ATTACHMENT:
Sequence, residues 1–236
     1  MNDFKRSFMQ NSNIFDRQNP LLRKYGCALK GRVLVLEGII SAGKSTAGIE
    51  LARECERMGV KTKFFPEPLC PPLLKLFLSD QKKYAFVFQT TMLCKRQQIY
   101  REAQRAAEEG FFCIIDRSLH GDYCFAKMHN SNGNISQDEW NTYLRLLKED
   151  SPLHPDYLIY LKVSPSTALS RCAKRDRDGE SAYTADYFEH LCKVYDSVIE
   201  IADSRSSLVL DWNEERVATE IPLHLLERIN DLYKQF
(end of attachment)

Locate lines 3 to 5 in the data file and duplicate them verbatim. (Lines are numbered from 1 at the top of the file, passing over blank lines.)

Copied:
    51  LARECERMGV KTKFFPEPLC PPLLKLFLSD QKKYAFVFQT TMLCKRQQIY
   101  REAQRAAEEG FFCIIDRSLH GDYCFAKMHN SNGNISQDEW NTYLRLLKED
   151  SPLHPDYLIY LKVSPSTALS RCAKRDRDGE SAYTADYFEH LCKVYDSVIE